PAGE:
Most companies that lend gaming PCs for review don't send the low-end configuration (presumably, they want to only be affiliated with the most powerful options). So when Maingear sent the MG-1 Silver with an Intel Core i5-13400F, 16GB of RAM, a  GeForce RTX 4060 and 512GB m.2 NVMe SSD, we had a limited test pool for comparison. So here, we're comparing it to the recently reviewed Alienware Aurora R16, with a Core i7-13700F, 32GB of DDR5 RAM and an RTX 4070. It's not exactly competition, but shows what you can get if you have an extra $600 to spend.

I used the Maingear to play Returnal, and while the game suggested low settings, it did decently on the high preset, even at 4K. With that combination of graphics settings and resolution, it still ran between 48 and 59 frames per second in early areas of the game, hitting the lower ranges in combat with aliens.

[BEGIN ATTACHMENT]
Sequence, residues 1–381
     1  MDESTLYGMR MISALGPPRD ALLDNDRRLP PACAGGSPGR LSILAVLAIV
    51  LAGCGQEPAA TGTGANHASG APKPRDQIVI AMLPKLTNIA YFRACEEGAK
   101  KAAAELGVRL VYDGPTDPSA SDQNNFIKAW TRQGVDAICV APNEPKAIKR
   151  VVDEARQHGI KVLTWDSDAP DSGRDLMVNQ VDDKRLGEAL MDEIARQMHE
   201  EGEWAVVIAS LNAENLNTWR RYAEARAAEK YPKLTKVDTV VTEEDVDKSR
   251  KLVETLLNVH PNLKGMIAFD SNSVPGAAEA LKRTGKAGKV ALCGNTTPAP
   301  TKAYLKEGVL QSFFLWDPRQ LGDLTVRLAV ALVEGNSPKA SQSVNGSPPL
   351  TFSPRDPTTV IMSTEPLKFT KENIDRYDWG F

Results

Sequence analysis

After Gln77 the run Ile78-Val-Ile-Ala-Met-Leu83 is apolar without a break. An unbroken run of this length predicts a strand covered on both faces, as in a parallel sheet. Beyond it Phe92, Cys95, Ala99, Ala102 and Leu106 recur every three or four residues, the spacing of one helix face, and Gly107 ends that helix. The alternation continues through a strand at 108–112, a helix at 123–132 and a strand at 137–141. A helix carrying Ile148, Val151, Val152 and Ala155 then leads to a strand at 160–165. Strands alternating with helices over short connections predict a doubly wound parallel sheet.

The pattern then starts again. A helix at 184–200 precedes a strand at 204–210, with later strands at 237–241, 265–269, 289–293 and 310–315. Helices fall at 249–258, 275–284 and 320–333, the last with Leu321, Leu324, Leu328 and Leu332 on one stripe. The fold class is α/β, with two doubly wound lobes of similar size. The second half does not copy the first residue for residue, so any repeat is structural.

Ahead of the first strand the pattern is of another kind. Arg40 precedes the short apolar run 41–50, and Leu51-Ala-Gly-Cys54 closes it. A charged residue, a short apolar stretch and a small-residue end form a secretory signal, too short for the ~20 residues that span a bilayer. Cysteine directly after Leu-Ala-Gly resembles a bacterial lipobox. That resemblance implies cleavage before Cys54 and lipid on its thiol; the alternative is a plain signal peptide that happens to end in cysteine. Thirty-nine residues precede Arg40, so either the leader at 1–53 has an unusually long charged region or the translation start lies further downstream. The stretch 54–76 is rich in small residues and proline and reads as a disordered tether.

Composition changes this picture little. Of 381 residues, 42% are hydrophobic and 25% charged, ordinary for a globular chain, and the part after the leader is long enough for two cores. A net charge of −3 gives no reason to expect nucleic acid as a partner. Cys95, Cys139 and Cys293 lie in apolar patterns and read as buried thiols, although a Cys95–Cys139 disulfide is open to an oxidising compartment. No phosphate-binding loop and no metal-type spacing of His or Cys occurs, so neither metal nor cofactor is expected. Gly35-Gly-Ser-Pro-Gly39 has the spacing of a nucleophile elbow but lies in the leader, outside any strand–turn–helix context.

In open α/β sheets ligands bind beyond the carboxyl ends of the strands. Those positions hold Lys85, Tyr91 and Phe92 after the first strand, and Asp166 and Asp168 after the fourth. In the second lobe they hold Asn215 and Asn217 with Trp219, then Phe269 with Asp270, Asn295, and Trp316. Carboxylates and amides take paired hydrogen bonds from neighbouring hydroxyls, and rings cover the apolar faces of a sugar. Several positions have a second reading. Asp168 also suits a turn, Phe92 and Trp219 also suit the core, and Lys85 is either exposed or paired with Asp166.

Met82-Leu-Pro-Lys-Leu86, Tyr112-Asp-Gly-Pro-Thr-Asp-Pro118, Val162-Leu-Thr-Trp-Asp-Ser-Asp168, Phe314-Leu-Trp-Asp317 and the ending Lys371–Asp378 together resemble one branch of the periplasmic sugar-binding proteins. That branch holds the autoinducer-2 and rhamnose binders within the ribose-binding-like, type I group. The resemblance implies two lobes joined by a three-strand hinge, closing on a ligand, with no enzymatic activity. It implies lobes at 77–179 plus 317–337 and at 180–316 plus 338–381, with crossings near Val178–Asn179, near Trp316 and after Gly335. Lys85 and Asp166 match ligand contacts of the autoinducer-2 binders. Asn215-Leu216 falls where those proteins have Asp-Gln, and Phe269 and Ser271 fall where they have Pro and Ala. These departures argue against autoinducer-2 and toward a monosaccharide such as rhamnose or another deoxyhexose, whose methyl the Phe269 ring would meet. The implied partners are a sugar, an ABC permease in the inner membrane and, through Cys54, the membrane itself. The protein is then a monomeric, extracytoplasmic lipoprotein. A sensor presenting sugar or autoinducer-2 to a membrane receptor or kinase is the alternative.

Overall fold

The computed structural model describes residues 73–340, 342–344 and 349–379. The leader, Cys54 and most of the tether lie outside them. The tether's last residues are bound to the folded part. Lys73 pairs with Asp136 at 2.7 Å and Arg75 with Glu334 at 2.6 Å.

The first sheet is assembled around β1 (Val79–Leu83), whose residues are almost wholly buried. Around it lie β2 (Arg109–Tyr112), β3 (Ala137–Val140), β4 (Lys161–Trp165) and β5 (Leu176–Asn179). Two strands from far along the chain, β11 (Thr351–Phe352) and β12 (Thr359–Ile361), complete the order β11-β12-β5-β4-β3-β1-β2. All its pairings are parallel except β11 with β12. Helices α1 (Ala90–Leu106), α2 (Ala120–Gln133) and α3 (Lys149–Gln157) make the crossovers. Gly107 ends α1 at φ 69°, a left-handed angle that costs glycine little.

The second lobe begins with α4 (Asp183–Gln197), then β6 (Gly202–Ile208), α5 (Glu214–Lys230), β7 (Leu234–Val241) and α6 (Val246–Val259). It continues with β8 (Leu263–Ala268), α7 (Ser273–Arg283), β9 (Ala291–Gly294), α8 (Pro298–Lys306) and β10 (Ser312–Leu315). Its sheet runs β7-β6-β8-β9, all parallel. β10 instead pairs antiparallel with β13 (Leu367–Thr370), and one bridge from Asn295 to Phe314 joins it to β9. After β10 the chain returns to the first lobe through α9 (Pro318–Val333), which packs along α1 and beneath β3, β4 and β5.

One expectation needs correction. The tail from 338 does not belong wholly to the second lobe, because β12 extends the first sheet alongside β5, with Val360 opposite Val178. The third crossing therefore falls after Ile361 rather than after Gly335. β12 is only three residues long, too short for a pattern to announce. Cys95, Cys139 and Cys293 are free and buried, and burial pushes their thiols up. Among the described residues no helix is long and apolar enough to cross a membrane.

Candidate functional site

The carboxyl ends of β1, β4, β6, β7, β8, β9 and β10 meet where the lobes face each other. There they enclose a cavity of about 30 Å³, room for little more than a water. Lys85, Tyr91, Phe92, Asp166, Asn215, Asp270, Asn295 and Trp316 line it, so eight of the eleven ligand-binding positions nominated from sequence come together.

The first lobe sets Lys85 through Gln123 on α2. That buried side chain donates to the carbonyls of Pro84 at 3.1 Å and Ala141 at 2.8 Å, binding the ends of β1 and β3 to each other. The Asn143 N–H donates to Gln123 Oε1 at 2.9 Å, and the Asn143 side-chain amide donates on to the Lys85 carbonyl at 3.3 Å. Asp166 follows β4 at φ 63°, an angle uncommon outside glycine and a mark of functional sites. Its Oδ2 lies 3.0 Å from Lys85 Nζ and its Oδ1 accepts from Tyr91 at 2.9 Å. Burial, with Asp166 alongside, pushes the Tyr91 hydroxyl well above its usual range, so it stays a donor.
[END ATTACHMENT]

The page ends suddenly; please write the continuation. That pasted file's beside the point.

If you have a high refresh rate monitor, you may want to turn down some settings, but the MG-1 Silver performed decently in our benchmarks.

On Shadow of the Tomb Raider (highest settings), the Maingear hit 104 fps at 1080p and eked out 30 fps at 4K.

When it came to Grand Theft Auto V (very high), the game hit 95 fps at 1080p and 28 fps at 4K.

Far Cry 6 (ultra) was the Maingear's best attempt at 4K, hitting 38 fps, but you might be more comfortable with the 91 fps at 1080p.

Red Dead Redemption 2, at medium settings, is still a challenge for many computer. The Maingear reached 71 fps at 1080p, but an unplayable 21 fps at 4K.